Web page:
Hoos Take on Sprints-League Crews in DC


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Virginia Men’s Rowing took on the Navy, Georgetown, and George Washington crews this past weekend in Washington, DC, and the results were, well, mixed.

On Friday, despite a forecast of rain and thunder, Mother Nature dished out the best weather conditions we’ve seen in years: calm water, no rain or thunder, and a reasonable current.

It became clear early on that both GW and Georgetown programs are tapping into their potential speed to a much greater extent than in years past. Both programs’ high school recruiting and subsequent speed have increased, which is both great to see and difficult to contend with.

Friday’s racing kicked off with UVa’s novices lining up against GW’s 3rd V8 (a mix of varsity rowers and recruited freshmen). UVa rowed poorly, plain and simple. Classic case of hitting an easy rhythm and fast splits during the warm-up, only to turn the shell around and insert noise here. Lots of long faces and wound-licking on the dock afterward. VMR’s 3V8 raced better, but were bested by GW’s 4V8 by 6/10ths of a second. In a similar way, UVa’s 2V8 fell to a strong GW crew, this time by about 8 seconds.

The weekend’s highlight came in the final race of the day—the varsity 8—with Virginia and GW battling all the way down the course. UVa, as they did at the Murphy Cup, had a blazing start, surging almost to open water with a strong rhythm. According to captain Garrett Thomas, instead of panicking when the other crew sprinted, the Wahoos showed superb poise, maintaining good length and speed through the finish line. They finished about 2/3 of a length ahead of the Colonials. Wahoowa!

Saturday morning brought strong winds and sun. And illness. One of the V8’s best and strongest rowers was sick all night long and was unable to race. All of the varsity lineups were thus shifted, and the results, though pretty solid, were a bit frustrating.

The Virginia novices squared off against Navy’s 1F and 2F crews. Navy’s 1F pulled away early, leaving UVa and the Navy 2F to battle. At the 1000m mark, the Hoos were ahead and moving when the coxswain, shall we say, began exploring more of the Potomac River than one would’ve liked. The Hoos had to stop rowing and reset, at which point the Navy 2F pulled away. Once they got going again, the Hoos managed to cut into the margin, but finished the race well back. Amazingly, the crew was all smiles back on the dock. They had rowed a much better race (when they weren’t stopped dead in the water, that is), and they were eager to take on Georgetown later.

The UVa 3V and 2V were, not surprisingly, out-horsed by Navy. Good rows, good rhythms, but not enough horsepower to contend with the Midshipmen. The V8 had a great start, staying even with Navy until about the 750 mark despite a clear difference in horsepower (To give everyone an idea, UVa has two varsity-squad rowers with erg scores faster than 6:10. Navy has 20.) In the end, the Hoos finished strong but did not sprint. Navy took the contest by 9 seconds.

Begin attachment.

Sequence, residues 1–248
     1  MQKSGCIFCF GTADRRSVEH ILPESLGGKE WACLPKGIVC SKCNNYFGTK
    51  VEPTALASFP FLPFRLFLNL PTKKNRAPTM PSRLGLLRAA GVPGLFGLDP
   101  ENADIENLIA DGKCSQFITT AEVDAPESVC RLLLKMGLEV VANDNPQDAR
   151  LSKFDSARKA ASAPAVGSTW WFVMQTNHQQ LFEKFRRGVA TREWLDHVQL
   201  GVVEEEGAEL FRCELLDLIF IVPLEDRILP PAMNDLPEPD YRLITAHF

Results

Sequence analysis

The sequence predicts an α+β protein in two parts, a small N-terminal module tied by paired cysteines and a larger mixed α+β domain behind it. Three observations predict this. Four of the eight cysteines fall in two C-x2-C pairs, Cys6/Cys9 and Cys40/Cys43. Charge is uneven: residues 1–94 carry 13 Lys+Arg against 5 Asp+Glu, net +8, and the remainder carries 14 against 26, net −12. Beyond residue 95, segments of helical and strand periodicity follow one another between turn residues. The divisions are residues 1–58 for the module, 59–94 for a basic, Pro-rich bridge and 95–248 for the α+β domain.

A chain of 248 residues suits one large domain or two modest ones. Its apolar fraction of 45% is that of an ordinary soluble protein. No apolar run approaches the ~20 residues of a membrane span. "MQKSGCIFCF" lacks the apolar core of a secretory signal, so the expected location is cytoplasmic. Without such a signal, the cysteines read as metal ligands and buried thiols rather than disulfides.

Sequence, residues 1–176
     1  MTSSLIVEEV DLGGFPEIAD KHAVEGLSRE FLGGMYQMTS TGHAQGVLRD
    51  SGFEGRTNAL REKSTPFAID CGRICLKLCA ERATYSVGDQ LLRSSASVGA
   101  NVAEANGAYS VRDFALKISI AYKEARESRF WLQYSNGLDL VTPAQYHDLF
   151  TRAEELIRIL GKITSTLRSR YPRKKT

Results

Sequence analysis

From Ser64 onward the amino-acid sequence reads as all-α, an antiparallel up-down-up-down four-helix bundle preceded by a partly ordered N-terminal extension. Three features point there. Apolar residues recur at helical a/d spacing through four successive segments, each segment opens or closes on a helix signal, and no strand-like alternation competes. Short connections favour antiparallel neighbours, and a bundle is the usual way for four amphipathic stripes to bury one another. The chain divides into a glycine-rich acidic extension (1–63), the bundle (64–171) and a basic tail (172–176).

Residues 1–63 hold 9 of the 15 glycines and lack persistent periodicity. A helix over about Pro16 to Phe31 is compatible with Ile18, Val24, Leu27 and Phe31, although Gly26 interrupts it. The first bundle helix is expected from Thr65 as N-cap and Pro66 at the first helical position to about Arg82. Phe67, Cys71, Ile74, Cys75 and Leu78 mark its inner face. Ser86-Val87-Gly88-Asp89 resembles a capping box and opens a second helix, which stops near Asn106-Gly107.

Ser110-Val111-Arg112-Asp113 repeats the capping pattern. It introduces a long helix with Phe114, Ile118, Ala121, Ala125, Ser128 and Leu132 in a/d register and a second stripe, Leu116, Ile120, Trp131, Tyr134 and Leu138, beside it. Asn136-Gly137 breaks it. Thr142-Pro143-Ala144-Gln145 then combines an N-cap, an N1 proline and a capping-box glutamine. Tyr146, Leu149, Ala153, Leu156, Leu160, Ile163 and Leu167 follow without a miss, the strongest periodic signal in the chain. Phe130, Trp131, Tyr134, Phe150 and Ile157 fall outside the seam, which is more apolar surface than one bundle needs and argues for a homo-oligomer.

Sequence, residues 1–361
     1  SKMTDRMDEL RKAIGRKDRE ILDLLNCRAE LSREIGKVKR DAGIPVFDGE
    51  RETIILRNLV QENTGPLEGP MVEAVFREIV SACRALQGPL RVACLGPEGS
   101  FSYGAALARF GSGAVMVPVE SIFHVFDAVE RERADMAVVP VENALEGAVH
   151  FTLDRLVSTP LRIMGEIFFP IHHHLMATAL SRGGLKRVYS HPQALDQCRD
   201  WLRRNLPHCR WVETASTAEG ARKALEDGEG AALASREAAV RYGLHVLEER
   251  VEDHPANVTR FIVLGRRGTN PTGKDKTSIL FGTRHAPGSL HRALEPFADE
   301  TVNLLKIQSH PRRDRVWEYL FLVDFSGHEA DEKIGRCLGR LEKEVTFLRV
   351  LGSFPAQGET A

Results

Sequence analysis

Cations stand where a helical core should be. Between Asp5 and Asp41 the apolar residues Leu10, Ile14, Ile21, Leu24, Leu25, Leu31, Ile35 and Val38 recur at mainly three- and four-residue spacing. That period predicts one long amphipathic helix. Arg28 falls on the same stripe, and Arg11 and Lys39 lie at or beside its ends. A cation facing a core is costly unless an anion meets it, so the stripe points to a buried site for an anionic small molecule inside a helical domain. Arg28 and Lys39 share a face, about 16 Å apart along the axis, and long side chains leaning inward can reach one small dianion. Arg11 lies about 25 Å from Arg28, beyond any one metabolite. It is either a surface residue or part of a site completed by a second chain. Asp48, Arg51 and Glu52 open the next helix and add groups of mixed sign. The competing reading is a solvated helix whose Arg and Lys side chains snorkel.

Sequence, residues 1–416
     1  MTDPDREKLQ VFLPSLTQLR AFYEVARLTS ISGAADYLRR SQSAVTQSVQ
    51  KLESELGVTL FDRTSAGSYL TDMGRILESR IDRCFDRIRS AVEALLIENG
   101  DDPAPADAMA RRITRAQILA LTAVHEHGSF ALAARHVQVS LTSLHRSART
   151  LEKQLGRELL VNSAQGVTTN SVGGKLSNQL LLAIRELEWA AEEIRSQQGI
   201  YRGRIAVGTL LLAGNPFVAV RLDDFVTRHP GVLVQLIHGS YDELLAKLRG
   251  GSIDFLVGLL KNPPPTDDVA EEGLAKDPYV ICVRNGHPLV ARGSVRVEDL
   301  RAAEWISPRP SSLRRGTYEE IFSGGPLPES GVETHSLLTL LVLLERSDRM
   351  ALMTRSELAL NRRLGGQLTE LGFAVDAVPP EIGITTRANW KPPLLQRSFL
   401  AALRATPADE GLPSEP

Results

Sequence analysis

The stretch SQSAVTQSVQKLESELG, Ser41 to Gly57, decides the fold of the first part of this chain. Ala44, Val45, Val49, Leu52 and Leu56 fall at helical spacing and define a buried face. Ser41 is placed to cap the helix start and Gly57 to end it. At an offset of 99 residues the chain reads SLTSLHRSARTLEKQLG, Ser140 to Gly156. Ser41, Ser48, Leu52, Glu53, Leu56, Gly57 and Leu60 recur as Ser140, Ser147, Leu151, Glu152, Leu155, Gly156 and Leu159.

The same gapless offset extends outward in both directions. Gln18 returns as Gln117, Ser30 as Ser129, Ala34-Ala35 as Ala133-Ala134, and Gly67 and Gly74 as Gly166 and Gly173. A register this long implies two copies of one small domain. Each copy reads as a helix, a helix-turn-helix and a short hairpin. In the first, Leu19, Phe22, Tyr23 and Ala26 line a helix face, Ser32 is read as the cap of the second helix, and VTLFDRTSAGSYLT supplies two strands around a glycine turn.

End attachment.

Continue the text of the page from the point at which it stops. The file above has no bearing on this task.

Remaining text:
The Hoos were looking forward to the afternoon racing, believing they had a shot to perhaps steal a race or two from Georgetown. Unfortunately the Hoos felt the effects of the new IRA trend of creating 3V and 4V crews that are faster than the freshmen crews they could otherwise make.

UVa’s N8 and 3V8 raced Georgetown’s 3V8, and Georgetown beat ‘em both. Virginia’s crews essentially tied with each other, but unfortunately were 10 seconds behind the Hoyas. The N8 was again all smiles on the dock since they felt they had rowed their best race of the weekend. The 2V8 had a great first 1000, but were unable to stop the Hoyas from slipping ahead in the sprint, who took the race by 2 seconds.


Georgetown’s varsity 8 had a strong row (they had lost by less than a length to Navy the day before), and with a shorthanded V8, the Hoos were unable to repeat last year’s performance of beating the Hoyas. Georgetown took the race by 5 seconds.


In all, the weekend was, as always, a learning experience. The Hoos maintained no illusions of knocking off the majority of the competition. Instead, the chance to line up against fast crews and to deal effectively with the enormous distraction they provided was the top priority.


As always, the team thanks all the parents, alumni, and friends for coming out to watch the rowing and support the athletes. Go Hoos Go!